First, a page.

Utilizing revenue in an LLC as an investment, not income in a new year


We are currently in the month of December and have about $10K (all revenue - all expenses) in our LLC's account. We plan to use this to invest on a project early next year. Unfortunately, it is not possible to start and pay for this project by the end of this year. Is there any way we can avoid paying taxes this year?

LLC Tax Investors

asked Dec 21 '11 at 03:33
6 points
Get up to $750K in working capital to finance your business: Clarify Capital Business Loans
  • Would it be hard to invest it in something with low return but that qualifies as investment for tax purposes only while the right time comes? – Jclozano 12 years ago
  • @jclozano: investments are not deducted from annual income, so whether the company invests in stocks, mutual funds, etc., will not affect the fact that the company will need to pay income tax. – Vasiliy 12 years ago
  • i know that they are not deducted but i remember my Attorney saying in certain places there are ways to delay such taxes by investing, that's what i meant (btw he doesn't say if we are speaking about US tax laws, UK or elsewhere) – Jclozano 12 years ago

3 Answers


No, because in reality: it is income, not investment. Regardless of how you turn it.

At the end of your financial year, surplus per definition is income.

answered Dec 21 '11 at 03:52
Net Tecture
11 points


I assume you're a cash-basis taxpayer in this case. The answer to your question will be "No," you can't skip paying taxes on your net income for the year. The only way I know is to actually spend that money on something which qualifies as an expense. If you can do that, then you can achieve your goal. Can you pay somebody upfront for the work they will perform in the next year? I advise you consult a tax attorney or CPA for your particular situation (your question unfortunately does not provide enough info for a better guess about the best possible solution).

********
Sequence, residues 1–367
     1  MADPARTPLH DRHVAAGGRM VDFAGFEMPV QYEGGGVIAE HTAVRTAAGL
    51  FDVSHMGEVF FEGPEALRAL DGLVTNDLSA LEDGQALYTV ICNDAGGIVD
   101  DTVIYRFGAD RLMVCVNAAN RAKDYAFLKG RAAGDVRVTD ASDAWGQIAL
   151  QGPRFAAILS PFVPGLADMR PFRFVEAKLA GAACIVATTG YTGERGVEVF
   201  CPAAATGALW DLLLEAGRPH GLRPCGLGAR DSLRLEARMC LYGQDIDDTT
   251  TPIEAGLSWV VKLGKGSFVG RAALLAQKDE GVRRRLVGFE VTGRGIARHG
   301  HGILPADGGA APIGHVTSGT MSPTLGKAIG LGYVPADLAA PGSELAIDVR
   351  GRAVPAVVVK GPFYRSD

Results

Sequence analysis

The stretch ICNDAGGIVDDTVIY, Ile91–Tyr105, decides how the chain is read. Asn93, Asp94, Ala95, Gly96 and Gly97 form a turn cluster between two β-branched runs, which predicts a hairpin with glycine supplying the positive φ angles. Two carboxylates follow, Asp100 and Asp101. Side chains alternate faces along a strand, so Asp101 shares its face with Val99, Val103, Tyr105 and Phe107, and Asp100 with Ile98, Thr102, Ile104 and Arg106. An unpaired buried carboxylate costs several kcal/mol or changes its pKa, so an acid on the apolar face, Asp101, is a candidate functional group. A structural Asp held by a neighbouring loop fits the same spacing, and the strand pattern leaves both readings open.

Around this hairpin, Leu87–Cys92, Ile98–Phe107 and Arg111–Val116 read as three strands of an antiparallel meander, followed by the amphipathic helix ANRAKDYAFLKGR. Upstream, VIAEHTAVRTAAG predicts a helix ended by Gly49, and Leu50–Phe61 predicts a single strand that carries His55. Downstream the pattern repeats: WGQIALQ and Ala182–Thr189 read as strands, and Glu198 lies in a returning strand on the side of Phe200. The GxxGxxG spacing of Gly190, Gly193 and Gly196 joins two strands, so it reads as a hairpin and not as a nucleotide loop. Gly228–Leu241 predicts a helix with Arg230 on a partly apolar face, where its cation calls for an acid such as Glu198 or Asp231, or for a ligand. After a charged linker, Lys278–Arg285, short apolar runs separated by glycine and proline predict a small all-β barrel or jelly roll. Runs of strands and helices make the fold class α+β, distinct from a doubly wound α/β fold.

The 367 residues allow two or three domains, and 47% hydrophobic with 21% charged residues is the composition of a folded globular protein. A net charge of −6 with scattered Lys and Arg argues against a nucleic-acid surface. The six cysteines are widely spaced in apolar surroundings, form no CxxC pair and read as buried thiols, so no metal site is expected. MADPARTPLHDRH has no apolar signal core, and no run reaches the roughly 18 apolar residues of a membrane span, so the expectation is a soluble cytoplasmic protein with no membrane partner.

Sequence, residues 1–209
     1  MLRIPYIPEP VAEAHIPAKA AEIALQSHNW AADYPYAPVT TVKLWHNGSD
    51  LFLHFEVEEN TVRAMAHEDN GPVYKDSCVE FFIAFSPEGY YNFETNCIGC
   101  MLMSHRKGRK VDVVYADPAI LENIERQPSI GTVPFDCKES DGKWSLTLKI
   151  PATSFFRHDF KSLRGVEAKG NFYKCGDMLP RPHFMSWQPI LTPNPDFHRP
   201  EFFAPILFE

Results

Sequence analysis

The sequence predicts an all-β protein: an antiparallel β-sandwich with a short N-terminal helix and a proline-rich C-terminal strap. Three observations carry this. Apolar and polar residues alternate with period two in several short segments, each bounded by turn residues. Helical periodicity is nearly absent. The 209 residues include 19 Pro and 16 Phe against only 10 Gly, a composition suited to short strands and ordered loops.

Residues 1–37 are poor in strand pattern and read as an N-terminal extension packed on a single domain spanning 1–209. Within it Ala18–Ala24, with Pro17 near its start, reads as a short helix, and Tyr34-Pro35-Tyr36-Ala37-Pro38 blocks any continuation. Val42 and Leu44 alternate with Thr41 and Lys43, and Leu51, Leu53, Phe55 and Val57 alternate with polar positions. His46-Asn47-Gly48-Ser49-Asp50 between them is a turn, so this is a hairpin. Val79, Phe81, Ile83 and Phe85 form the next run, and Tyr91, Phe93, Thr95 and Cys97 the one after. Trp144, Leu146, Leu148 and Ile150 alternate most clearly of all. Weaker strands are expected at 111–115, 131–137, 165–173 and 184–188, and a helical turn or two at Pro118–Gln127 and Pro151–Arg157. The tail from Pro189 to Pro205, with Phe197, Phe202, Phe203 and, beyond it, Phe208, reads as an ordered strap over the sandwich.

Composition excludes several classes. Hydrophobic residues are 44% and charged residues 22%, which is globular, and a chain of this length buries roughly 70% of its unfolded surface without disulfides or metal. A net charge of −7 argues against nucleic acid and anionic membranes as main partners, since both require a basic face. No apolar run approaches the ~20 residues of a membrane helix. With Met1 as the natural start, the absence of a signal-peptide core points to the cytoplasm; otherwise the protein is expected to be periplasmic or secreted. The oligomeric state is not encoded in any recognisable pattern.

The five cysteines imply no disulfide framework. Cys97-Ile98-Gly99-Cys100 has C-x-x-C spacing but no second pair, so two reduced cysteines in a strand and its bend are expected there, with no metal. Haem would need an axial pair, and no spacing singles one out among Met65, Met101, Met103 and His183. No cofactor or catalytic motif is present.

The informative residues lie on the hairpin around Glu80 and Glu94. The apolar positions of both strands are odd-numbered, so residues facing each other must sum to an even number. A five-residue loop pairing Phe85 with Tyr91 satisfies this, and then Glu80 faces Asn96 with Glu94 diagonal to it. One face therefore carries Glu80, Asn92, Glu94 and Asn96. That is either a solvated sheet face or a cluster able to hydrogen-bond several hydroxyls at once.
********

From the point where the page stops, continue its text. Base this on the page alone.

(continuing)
answered Dec 21 '11 at 12:10
323 points


If you can prepay rent, phone bills, or anything else you can stock up on, it will reduce your income. But on $10,000 how much income tax are you worried about. Some states have a minimum tax anyway so you might as well turn your income into after-tax money if you have to pay a minimum tax. If you're not rich and in a high tax bracket otherwise, the tax won't be a lot on your income anyway. You have to calculate how much tax you're looking at. But in the end, you have to account for it.

answered Dec 22 '11 at 08:03
Patrick Ny
300 points
  • Prepaid rent cannot be expensed in the year paid, unless certain requirements are met (amongst which business need, and non-material tax liability change, both of which won't hold in this case). A very dangerous advice. – Littleadv 12 years ago

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